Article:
Full Text Reviews
Appeared in Choice on 2003-01-01:
Hanes (Univ. of Oregon) examines the impact of late-19th-century European social progressive thought on a modernizing Japan through the life of Seki Hajime (1873-1935), who studied in the West and went on to become, first, an influential political economist and university professor and, then, deputy mayor and mayor of Osaka, Japan's second largest city. Seki's desire to put social progressivism into action by transforming the "City of Smoke" into the "Livable City" proved ultimately unworkable. His plan to reinvent Osaka by developing residential areas for working-class inhabitants of the city was frustrated by greedy landed capitalists around Osaka and by shortsighted bureaucrats in Tokyo. Hanes sheds new light on important topics in the history of modern Japan, particularly the impact of Western social progressivism and the conditions of urban life in interwar Japan. His focus on Osaka is refreshing since almost all existing studies focus on Tokyo and its environs. In addition, the chapter on Seki as a young man is a fascinating portrait of the growth and development of a late-Meiji intellectual. Recommended for academic collections, upper-division undergraduates and above. M. D. Ericson University of Maryland University College
Reviews
This item was reviewed in:
Choice, January 2003
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Summaries
Bowker Data Service Summary
In exploring the career of Seki Hajime, who served as mayor of Japan's second-largest city, Osaka, this text traces the roots of social progressivism in prewar Japan, permitting us to reconceive it as a truly transnational movement.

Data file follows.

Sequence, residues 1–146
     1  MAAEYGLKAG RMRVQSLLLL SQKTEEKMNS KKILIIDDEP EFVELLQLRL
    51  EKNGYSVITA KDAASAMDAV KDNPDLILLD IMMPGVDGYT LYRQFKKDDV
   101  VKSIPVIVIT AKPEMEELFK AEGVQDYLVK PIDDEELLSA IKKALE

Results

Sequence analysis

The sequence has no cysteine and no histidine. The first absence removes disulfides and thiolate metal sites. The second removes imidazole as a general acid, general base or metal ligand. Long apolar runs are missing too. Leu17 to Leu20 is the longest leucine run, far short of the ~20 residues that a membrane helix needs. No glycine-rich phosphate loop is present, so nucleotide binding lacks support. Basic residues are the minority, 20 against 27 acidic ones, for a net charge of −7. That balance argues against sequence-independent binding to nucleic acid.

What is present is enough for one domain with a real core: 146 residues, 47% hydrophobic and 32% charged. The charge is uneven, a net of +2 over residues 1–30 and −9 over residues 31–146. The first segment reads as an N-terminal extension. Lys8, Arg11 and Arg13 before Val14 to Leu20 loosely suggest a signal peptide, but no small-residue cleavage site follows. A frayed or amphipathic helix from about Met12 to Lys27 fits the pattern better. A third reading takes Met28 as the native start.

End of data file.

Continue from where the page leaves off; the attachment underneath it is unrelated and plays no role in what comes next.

Long Description
In exploring the career of Seki Hajime (1873-1935), who served as mayor of Japan's second-largest city, Osaka, Jeffrey E. Hanes traces the roots of social progressivism in prewar Japan. Seki, trained as a political economist in the late 1890s, when Japan was focused single-mindedly on "increasing industrial production," distinguished himself early on as a people-centered, rather than a state-centered, national economist. After three years of advanced study in Europe at the turn of the century, during which he engaged Marxism and later steeped himself in the exciting new field of social economics, Seki was transformed into a progressive. The social reformism of Seki and others had its roots in a transnational fellowship of progressives who shared the belief that civilized nations should be able to forge a middle path between capitalism and socialism. Hanes's sweeping study permits us not only to weave social progressivism into the modern Japanese historical narrative but also to reconceive it as a truly transnational movement whose impact was felt across the Pacific as well as the Atlantic.